(Joshua Black Wilkins)

Fox News: When you work so closely together, how do you guys go about handling creative disagreements?

Randy: Wade has a great vision for all things “Hold My Beer” related. I usually follow his lead. We have also been friends for almost 20 years, and we have a strong sense of what we want HMB to be about. The disagreements are actually few and far between.

Wade: Randy and I just get along. We know each other’s roles in this and don’t want to step on each other to experience success. We know that this whole thing is built off friendship, so we do all we can to keep that friendship intact

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Fox News:  What’s been the biggest personal achievement each of you has accomplished?

Randy: For me, it’s my family. I’m a #GirlDad and watching these little ones grow up is the greatest joy of my life.

Wade: My biggest achievements, by far, are my two amazing sons. I just love the kindness and love they have in their hearts and the talent they show in everything they do. They care about people and love family, and just being around them every day makes me not only be a better dad, but also a better human being, in general. We learn way more from our kids than they learn from us. There’s honestly nothing better.

I think we will adapt. Music heals, and I firmly believe we will all find a way to let it do just that.

— Randy Rogers on how the coronavirus may impact the fan's experience.

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Fox News: What’s an interesting fact a stranger would be surprised to learn about each of you?

Randy: I am a preacher’s son.

Wade: I can’t play golf very well anymore, but I can still whoop Randy’s butt. I also am the son of an electrician. My grandfather started Bowen Electric in Waco, Texas, in 1955. That’s probably what I would be doing if music didn’t find me.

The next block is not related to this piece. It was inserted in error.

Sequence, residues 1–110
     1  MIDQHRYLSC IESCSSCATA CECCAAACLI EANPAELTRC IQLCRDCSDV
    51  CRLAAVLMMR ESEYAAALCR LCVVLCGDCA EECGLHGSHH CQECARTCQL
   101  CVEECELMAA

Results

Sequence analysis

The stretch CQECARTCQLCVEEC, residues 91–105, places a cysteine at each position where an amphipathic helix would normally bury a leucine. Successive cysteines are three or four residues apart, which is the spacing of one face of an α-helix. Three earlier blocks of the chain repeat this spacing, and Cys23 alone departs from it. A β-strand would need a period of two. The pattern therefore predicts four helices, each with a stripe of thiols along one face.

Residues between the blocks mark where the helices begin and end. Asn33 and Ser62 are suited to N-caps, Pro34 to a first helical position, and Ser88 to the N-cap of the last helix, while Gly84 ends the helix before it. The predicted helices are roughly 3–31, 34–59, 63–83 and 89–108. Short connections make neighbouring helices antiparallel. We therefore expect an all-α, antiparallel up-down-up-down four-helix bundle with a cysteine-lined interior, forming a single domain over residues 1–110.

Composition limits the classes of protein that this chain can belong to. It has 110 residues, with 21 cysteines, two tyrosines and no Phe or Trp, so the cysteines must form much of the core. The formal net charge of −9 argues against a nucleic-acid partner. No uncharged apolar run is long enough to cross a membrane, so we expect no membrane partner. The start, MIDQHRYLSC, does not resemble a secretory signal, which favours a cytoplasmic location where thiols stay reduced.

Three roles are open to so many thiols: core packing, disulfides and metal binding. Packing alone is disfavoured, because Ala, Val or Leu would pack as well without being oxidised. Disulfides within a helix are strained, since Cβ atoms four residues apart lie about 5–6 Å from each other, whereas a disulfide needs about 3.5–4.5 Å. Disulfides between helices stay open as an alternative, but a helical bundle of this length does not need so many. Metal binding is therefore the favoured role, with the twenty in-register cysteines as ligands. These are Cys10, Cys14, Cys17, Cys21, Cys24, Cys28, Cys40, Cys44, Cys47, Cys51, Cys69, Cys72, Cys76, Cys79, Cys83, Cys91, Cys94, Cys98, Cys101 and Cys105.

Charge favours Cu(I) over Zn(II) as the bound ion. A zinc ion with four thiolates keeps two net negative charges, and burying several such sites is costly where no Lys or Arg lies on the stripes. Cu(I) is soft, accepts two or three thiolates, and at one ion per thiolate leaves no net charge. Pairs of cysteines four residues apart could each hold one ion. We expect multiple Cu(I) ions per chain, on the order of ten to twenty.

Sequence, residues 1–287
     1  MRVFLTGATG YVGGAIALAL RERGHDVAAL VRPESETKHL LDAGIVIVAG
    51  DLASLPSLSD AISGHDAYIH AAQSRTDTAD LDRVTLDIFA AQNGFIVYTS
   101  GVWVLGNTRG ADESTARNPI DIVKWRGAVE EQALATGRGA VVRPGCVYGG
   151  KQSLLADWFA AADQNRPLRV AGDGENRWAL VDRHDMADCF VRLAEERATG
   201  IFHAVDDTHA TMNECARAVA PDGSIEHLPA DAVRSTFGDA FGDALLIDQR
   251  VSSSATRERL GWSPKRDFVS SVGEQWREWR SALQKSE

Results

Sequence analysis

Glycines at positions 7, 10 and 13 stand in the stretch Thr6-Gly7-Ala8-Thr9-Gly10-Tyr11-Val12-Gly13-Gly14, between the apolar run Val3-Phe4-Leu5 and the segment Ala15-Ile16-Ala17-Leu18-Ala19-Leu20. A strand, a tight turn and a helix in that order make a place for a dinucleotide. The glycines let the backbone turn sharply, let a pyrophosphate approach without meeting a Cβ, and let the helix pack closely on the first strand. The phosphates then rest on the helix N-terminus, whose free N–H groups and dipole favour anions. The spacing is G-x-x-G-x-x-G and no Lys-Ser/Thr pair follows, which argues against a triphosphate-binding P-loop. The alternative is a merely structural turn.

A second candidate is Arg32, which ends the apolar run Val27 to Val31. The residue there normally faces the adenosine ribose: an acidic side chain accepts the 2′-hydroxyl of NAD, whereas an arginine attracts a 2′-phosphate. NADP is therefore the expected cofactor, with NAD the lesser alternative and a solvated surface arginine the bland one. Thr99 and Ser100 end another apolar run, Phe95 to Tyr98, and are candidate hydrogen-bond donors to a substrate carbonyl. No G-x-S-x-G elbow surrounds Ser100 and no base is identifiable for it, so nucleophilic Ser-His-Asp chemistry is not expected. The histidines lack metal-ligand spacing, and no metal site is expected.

Fox News: What was a career-defining moment for you when you knew your life and/or careers would likely never be the same?

Randy: When Randy Rogers Band was signed to Universal Records after independently releasing our first two records – receiving that vote of confidence from such a great label was humbling and just validated all our hard work.

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Wade: I’m not sure that I’ve really had that in my mind. I’m the type of person that never settles and is always looking to improve, so I’m never satisfied with any amount of success. I’ve played the Ryman and Red Rocks, thanks to Randy and his band, so I’ve gotten to cross those off my bucket list but I still feel like I’ve got a lot left in the tank.

Fox News: How do you think the fan experience might change for you, given the new normal and the idea that having those personal moments with fans might be different going forward?

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Randy: I think we will adapt. Music heals, and I firmly believe we will all find a way to let it do just that.

Wade: Fans will always be fans, as long as we keep caring. If I’ve learned anything from all of this, it’s that never once, throughout any of this struggle, have people stopped asking for the music. That’s pretty unbelievable, if you think about it. We are lucky to do what we do with our lives, and I honestly believe no matter what happens, those like us – that truly love music – will always find a way to have those personal moments with our fans.